On June 24, Dr. Monica Gandhi, an infectious disease and HIV/AIDS expert at UCSF published an article in The Atlantic entitled “The U.S. Is Underreacting to Monkeypox.”
Four weeks later, she said that the country’s response is even further behind where she feared it would be.
“I wrote that thinking there would be no way we’d be where we are right now where people are waiting nine hours for a vaccine in New York and my clinic is turning people away because there is not enough vaccine supply,” Gandhi said in an interview.
The San Francisco Department of Public Health reported on Twitter that it has not been notified about the state of its next shipment of the Jynneos vaccine. DPH requested 35,000 doses, and has only received 7,800 as of July 25. The vaccine clinic at San Francisco General Hospital was closed Tuesday and Wednesday because of a lack of supply.
The federal government says it will have 1.9 million doses of the Jynneos vaccine available by the end of the year, but current distribution is only around 10% of that number. In any case, Gandhi said that is too little, too late.
That chasm between vaccine demand and available supply has local leaders sounding the alarm and demanding that federal authorities speed up their efforts to purchase and distribute vaccines. State Sen. Scott Wiener called for San Francisco and California to declare a state of emergency around the outbreak, citing the city’s 222 cases and the presence of the virus in wastewater data.
There have been no deaths yet in the United States due to monkeypox, but a recent study published in the New England Journal of Medicine found that 13% of infected patients were hospitalized due to issues ranging from severe anorectal pain to soft-tissue superinfection to myocarditis.
While it’s true most anyone can be infected with monkeypox—although previous smallpox inoculation confers some degree of protection—as of now the virus has largely been limited to the population of men who have sex with men.
Data from the CDC presented on July 26 shows that among the 3,591 infected Americans in the organization’s data, 99% were male at birth and all but five were attributed to sex between men.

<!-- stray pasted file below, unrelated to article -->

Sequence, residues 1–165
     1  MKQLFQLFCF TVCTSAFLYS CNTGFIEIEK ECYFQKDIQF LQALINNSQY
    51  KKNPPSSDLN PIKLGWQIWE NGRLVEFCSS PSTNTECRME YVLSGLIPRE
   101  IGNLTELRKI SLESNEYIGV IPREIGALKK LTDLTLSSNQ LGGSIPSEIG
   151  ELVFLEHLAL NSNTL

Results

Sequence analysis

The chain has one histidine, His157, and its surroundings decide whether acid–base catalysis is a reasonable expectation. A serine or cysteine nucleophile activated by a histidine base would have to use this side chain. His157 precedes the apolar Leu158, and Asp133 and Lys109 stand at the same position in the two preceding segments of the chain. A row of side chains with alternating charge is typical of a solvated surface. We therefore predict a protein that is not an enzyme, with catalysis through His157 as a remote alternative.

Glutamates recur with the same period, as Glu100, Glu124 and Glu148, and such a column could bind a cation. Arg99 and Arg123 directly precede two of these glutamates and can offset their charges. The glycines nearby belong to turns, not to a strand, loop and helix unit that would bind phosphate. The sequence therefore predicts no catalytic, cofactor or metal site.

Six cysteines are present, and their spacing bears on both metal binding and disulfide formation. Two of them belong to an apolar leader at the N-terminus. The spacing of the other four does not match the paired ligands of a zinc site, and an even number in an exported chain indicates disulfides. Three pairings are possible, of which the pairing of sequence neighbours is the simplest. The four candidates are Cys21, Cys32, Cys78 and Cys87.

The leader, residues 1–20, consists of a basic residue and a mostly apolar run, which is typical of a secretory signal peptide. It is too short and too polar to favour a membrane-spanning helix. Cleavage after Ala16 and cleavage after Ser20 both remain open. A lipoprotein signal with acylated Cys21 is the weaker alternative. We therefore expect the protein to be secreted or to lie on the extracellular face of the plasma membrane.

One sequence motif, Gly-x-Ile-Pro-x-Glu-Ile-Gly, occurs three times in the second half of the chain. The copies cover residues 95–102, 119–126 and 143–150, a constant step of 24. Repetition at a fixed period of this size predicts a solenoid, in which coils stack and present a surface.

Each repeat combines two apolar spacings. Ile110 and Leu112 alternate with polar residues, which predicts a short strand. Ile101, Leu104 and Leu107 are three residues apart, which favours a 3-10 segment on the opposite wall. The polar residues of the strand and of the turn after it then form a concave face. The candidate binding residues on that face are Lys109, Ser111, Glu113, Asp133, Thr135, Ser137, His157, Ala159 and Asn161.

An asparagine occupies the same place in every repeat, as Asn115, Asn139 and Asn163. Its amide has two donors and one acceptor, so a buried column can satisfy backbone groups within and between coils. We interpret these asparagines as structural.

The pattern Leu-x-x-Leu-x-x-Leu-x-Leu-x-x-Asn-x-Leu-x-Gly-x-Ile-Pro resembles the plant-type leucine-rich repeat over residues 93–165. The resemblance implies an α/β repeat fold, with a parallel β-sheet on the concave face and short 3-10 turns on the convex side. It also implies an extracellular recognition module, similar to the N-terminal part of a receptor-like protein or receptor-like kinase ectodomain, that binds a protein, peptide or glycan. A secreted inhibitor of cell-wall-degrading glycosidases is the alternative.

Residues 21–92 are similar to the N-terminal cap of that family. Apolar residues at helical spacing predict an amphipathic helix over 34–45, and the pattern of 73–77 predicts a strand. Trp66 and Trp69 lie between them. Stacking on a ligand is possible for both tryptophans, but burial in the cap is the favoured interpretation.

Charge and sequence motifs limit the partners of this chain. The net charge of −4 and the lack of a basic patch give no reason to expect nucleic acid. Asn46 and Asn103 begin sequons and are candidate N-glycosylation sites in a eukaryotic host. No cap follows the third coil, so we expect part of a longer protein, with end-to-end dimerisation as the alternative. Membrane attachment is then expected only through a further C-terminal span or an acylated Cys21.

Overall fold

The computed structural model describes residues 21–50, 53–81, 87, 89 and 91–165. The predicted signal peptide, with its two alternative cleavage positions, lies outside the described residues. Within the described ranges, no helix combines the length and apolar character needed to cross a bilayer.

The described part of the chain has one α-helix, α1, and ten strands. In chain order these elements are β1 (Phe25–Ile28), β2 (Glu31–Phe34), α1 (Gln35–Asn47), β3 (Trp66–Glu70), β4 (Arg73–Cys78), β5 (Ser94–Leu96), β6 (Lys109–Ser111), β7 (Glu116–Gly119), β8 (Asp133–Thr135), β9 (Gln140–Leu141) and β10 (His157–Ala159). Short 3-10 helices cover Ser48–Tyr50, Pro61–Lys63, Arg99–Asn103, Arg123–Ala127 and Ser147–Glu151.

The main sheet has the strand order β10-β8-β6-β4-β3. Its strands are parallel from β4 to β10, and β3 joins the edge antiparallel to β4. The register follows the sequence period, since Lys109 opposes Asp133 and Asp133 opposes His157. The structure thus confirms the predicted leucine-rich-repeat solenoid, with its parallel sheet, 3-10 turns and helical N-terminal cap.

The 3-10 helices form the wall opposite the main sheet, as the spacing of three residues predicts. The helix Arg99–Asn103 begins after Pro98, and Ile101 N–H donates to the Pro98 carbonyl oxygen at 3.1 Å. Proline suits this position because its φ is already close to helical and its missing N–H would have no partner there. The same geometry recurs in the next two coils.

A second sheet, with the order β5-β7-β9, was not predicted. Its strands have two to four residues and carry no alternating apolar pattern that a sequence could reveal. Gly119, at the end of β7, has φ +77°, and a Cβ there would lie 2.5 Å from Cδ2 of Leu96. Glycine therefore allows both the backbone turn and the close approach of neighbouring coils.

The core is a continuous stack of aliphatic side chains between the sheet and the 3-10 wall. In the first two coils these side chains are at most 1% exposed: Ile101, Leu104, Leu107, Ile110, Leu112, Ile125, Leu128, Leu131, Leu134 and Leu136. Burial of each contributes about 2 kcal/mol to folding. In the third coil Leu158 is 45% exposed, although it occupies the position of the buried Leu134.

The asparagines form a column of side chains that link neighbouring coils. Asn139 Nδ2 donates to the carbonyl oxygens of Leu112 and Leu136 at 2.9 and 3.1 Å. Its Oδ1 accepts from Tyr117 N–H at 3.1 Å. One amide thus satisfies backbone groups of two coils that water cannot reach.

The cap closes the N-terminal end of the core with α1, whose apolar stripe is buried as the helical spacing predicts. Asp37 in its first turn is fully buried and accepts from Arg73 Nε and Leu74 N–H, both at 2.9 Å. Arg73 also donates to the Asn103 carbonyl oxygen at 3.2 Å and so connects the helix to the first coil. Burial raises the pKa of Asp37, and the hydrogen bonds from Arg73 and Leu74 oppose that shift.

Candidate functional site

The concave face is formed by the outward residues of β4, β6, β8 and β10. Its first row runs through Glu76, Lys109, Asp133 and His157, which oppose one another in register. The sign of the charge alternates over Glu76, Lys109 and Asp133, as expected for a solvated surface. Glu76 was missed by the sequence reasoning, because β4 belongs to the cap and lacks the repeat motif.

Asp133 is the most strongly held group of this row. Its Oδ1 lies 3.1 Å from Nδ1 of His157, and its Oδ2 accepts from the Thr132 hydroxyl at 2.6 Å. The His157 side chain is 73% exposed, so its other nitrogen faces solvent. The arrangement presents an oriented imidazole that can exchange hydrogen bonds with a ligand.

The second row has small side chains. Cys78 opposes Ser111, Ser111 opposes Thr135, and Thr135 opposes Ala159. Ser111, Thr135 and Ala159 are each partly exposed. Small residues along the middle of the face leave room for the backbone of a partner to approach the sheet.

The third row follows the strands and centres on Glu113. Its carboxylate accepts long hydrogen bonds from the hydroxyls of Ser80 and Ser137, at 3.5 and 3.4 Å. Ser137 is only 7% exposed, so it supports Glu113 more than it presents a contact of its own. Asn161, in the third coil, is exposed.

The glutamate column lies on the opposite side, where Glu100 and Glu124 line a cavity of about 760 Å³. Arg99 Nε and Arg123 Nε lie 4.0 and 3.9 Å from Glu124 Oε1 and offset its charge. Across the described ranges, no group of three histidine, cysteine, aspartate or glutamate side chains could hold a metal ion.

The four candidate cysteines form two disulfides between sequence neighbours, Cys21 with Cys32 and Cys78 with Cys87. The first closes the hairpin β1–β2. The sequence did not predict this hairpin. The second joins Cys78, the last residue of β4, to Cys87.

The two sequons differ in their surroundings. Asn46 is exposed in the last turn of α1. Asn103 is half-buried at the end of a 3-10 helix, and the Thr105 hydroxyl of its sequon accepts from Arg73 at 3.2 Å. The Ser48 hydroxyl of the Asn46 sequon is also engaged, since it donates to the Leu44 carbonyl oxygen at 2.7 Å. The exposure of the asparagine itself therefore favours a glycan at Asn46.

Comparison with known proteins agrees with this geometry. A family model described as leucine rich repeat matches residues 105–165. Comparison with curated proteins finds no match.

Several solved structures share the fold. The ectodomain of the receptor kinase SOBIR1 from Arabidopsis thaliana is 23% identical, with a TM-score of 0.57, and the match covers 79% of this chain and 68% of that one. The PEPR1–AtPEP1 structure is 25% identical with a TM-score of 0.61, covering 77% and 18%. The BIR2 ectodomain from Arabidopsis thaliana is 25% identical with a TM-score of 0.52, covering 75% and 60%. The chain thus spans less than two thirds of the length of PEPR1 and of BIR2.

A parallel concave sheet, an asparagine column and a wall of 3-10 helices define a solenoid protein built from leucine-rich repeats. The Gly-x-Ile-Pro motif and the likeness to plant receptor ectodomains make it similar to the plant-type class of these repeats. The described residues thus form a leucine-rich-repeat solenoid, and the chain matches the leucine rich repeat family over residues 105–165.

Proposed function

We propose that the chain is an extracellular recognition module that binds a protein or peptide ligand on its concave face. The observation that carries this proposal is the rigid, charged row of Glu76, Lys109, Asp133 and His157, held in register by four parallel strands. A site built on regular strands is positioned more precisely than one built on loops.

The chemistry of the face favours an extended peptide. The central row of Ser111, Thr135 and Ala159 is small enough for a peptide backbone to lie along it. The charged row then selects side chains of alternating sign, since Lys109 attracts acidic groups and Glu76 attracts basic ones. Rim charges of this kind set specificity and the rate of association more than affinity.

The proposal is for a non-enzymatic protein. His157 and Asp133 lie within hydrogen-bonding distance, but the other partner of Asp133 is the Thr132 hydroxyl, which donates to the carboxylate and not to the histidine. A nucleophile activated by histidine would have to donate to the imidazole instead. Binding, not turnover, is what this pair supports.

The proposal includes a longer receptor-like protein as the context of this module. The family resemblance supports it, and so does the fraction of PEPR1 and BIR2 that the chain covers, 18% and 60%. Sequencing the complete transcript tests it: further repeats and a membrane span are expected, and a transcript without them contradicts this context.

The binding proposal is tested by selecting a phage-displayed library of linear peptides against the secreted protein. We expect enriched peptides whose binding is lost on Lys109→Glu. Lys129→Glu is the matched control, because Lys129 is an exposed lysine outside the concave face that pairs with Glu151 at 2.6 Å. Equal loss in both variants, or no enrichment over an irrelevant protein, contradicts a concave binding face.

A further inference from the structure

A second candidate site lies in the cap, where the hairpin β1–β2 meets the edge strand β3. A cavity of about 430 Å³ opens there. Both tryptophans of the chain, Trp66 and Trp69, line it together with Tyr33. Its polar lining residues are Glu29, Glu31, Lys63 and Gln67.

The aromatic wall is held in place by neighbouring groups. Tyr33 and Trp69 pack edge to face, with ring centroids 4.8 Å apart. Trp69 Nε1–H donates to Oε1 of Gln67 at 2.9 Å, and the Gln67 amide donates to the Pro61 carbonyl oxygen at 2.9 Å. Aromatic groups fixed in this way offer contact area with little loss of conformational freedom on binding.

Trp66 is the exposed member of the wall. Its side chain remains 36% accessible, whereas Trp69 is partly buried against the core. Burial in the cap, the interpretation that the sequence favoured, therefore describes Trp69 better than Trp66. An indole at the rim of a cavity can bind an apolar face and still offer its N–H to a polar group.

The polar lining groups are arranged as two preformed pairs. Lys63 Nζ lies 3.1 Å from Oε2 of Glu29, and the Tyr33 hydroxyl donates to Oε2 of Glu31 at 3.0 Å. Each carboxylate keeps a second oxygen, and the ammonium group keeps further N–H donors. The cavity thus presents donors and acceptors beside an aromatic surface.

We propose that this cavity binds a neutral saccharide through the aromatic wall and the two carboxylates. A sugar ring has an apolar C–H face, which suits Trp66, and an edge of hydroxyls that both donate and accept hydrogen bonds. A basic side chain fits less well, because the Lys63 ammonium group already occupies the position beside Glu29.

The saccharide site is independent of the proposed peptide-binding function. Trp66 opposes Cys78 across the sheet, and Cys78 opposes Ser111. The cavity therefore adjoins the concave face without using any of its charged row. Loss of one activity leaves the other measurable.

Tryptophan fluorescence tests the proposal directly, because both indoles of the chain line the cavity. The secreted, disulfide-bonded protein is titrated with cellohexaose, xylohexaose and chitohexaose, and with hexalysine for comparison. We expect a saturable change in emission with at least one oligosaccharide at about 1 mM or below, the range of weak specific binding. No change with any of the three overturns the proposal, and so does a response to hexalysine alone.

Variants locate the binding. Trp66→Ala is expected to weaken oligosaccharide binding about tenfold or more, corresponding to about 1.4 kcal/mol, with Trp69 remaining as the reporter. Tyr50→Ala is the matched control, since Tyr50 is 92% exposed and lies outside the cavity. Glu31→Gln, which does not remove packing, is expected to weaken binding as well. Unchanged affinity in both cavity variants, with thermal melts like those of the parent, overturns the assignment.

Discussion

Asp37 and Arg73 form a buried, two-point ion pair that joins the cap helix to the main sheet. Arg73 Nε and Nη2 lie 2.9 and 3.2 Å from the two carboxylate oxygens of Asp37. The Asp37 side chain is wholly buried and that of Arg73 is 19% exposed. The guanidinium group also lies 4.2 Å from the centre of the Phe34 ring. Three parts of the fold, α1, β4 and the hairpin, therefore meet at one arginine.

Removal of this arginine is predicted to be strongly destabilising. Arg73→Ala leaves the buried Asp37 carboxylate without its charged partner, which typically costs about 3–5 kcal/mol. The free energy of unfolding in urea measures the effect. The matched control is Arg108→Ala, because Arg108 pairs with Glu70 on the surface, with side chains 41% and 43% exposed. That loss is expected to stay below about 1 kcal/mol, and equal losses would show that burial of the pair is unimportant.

So where does this go from here? According to Gandhi, it’s possible that the government gets its act together and is able to distribute the vaccine to the currently impacted population of men who have sex with men.
But another scenario, which looks increasingly likely amid the slow federal response, is eventual spillover into other groups. At that point, the strategy turns to vaccination of the entire population, like the widespread distribution of the HPV Gardasil vaccine.
“If we start seeing a greater proportion of infection in women, and that number keeps on growing, then we have to worry that it’s fundamentally an endemic STD and we can’t contain it by just vaccinating one population,” Gandhi said.
To boost the numbers of vaccinated individuals, the government could opt to open up use of ACAM2000, another smallpox vaccine whose precursor, Dryvax, was used to originally eradicate the disease. But it comes with drawbacks: As opposed to Jynneos, ACAM2000 is inadvisable for use in those who are pregnant, have eczema or similar skin conditions or patients who are immunocompromised. The vaccine has also been associated with additional negative side effects when compared to Jynneos.
While there has been some debate around public health messaging of the outbreak to men who have sex with men, Gandhi said directing treatments to those currently most at risk is key to containing monkeypox and delaying the inflection point where it runs out of control.
“I think it's very appropriate to label the population most at risk so resources can be directed towards those populations,” Gandhi said using the example of elderly patients being at highest risk of severe illness from Covid-19.
“That's actually what public health is. It's always about targeting the populations most at risk so that you can direct your messages appropriately. If you have too diffuse a message, people don't listen.”